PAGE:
Lockheed Martin, Sweden Sign Agreement for Hit-to-Kill PAC-3 MSE Missiles
13 August 2018
U.S. and Sweden officials formalized an agreement for Sweden to purchase Lockheed Martin's Patriot Advanced Capability-3 (PAC-3) Missile Segment Enhancement (MSE) missiles and related support equipment. Once the contract is signed, Sweden will become the sixth international customer to sign an agreement to procure PAC-3 MSE.
"We're honored to partner with Sweden on their efforts to protect and defend their armed forces, citizens and infrastructure," said Jay Pitman, vice president of PAC-3 at Lockheed Martin Missiles and Fire Control. "Today's global security environment demands reliable Hit-to-Kill technology and innovative solutions. PAC-3 MSE interceptors will provide Sweden with a formidable layer of defense."
Sweden joins the U.S., Qatar, Japan, Romania, Poland and the United Arab Emirates to procure PAC-3 MSE. Several other nations have also expressed an interest in enhancing their missile defense capabilities with the PAC-3 MSE as part of the Patriot system.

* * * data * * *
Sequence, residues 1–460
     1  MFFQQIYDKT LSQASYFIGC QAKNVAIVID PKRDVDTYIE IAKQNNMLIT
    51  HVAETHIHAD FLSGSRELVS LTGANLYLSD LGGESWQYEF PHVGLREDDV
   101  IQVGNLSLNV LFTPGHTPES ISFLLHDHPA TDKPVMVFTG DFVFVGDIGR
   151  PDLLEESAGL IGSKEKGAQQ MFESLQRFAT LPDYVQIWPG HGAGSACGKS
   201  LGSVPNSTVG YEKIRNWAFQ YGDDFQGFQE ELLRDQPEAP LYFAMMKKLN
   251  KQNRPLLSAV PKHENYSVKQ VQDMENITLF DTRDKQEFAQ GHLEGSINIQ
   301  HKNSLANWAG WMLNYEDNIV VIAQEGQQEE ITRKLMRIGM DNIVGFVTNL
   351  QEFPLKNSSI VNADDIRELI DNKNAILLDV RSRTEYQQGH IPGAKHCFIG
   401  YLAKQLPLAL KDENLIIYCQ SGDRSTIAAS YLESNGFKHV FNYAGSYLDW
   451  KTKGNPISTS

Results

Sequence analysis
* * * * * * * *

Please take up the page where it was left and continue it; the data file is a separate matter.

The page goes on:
Lockheed Martin is the prime contractor on the PAC-3 MSE upgrade to the Patriot air defense system. The upgraded PAC-3 MSE expands the lethal battlespace with a dual-pulse solid rocket motor, providing increased performance in altitude and range. PAC-3 MSE is a high-velocity interceptor that defends against incoming threats, including tactical ballistic missiles, cruise missiles and aircraft. The missile uses Hit-to-Kill technology, which engages threats through kinetic energy via body-to-body contact.
As a world leader in systems integration and development of air and missile defense systems and technologies, Lockheed Martin delivers high-quality missile defense solutions that protect citizens, critical assets and deployed forces from current and future threats. The company's experience spans missile design and production, infrared seekers, command and control/battle management, and communications, precision pointing and tracking optics, radar and signal processing, as well as threat-representative targets for missile defense tests.